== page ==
A059756


ErdosWoods numbers: the length of an interval of consecutive integers with property that every element has a factor in common with one of the endpoints.


7



16, 22, 34, 36, 46, 56, 64, 66, 70, 76, 78, 86, 88, 92, 94, 96, 100, 106, 112, 116, 118, 120, 124, 130, 134, 142, 144, 146, 154, 160, 162, 186, 190, 196, 204, 210, 216, 218, 220, 222, 232, 238, 246, 248, 250, 256, 260, 262, 268, 276, 280, 286, 288, 292, 296, 298, 300, 302, 306, 310, 316, 320, 324, 326, 328, 330, 336, 340, 342, 346, 356, 366, 372, 378, 382, 394, 396, 400, 404, 406, 408, 414, 416, 424, 426, 428, 430
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OFFSET

1,1


COMMENTS

"Length" means total number of terms including endpoints, minus 1.
Woods was the first to find such numbers, Dowe proved there are infinitely many and Cegielski, Heroult and Richard showed that the set is recursive.
This seems to coincide with prime partitionable numbers in sense of Holsztynski & Strube: n such that there is a partition {P1,P2} of the primes less than n such that for any composition n1+n2=n, there is (p1,p2) in P1 x P2 such that p1n1 or p2n2.  M. F. Hasler, Jun 29 2014; there is now a proof for this (see Gribble link), Dec 17 2014


REFERENCES

R. K. Guy: Unsolved Problems in Number Theory, 1981, related to Sections B27, B28, B29.
Konstantin Lakkis, Number Theory [in Greek], Revised edition, 1984.


LINKS

Table of n, a(n) for n=1..87.
P. Cegielski, F. Heroult, D. Richard, On the amplitude of intervals of natural numbers whose every element has a common prime divisor with at least an extremity, Theor. Comp. Sci. 303 (1) (2003) 5362.
D. Dowe, On the existence of sequences of coprime pairs of integers, J. Austral. Math. Soc. Ser. A 47, no. 1, 8489. 1989
P. Erdos and J. L. Selfridge, Complete prime subsets of consecutive integers, Proceedings of the Manitobe Conference on Numerical Mathematics. pp. 114, 1971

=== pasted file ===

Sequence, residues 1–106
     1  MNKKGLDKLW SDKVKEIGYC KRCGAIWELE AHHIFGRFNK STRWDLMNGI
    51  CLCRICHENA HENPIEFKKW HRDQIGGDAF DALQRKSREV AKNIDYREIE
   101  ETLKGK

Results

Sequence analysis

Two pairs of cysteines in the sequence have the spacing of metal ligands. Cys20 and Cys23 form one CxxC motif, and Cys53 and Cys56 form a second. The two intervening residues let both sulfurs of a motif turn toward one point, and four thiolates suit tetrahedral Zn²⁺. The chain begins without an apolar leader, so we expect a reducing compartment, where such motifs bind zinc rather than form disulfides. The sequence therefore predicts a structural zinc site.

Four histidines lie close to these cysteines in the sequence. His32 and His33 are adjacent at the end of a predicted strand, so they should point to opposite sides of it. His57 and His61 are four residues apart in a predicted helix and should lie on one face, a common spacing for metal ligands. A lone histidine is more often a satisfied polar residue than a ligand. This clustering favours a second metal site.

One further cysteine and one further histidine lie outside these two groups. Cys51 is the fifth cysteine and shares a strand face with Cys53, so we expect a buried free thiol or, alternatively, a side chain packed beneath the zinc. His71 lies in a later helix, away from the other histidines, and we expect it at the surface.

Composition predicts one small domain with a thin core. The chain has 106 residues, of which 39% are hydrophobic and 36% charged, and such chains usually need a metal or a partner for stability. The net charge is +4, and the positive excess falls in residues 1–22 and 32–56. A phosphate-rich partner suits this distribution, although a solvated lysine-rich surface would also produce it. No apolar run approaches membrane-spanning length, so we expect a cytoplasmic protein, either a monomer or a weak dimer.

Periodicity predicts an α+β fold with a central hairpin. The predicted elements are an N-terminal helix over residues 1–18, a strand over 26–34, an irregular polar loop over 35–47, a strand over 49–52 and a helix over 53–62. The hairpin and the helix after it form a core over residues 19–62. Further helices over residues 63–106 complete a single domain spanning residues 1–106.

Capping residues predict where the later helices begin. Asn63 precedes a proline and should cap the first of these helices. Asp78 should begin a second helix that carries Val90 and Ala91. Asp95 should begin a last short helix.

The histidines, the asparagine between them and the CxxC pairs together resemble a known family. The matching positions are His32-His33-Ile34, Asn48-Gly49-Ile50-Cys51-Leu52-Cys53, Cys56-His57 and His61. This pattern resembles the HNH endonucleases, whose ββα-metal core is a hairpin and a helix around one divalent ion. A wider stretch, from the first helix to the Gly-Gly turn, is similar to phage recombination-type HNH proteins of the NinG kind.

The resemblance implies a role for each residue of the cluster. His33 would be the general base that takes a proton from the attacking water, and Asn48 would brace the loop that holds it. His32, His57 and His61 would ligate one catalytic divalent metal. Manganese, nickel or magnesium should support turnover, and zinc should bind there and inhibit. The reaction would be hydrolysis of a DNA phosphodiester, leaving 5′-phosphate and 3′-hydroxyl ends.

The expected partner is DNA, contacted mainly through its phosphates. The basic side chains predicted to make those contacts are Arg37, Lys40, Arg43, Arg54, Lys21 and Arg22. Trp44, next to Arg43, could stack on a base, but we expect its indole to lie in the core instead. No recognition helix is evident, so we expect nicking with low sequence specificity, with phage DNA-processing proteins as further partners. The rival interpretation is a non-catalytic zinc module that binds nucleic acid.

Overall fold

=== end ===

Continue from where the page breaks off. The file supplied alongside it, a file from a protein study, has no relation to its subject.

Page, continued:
Christopher Hunt Gribble, Seqfan thread, Dec 05 2014
W. Holsztynski, R. F. E. Strube, Paths and circuits in finite groups, Discr. Math. 22 (1978) 263272.
Nik Lygeros, ErdosWoods Numbers
W. T. Trotter and Paul Erdos, When the Cartesian product of directed cycles is Hamiltonian, J. Graph Theory 2 (1978) 137142
Alan Robert Woods, Some Problems in Logic and Number Theory, and their Connections, Thesis, University of Manchester, 1981 (reprinted in New Studies in Weak Arithmetics, Sept 2013, CSLI).


EXAMPLE

a(1) = 16 refers to the interval 2184, 2185, ..., 2200. The end points are 2184 = 2^3 *3 *7 *13 and 2200 = 2^3 *5^2 *11, and each number 2184<=k<=2200 has at least one prime factor in the set {2,3,5,7,11,13}.


PROG

(PARI) prime_part(n)={my(P=primes(primepi(n1))); forstep(x1=2, 2^#P1, 2, P1=vecextract(P, x1); P2=setminus(P, P1); for(n1=1, n1, bittest(nn1, 0)  next; setintersect(P1, factor(n1)[, 1]~)  setintersect(P2, factor(nn1)[, 1]~)  next(2)); return([P1, P2]))} \\ M. F. Hasler, Jun 29 2014


CROSSREFS

See A059757 for first terms of corresponding intervals. Cf. A111042.
Sequence in context: A064804 A102944 A058901 * A242214 A242559 A242066
Adjacent sequences: A059753 A059754 A059755 * A059757 A059758 A059759


KEYWORD

nonn


AUTHOR

Nik Lygeros (webmaster(AT)lygeros.org), Feb 12 2001


EXTENSIONS

Further terms from Victor S. Miller, Sep 29 2005


STATUS

approved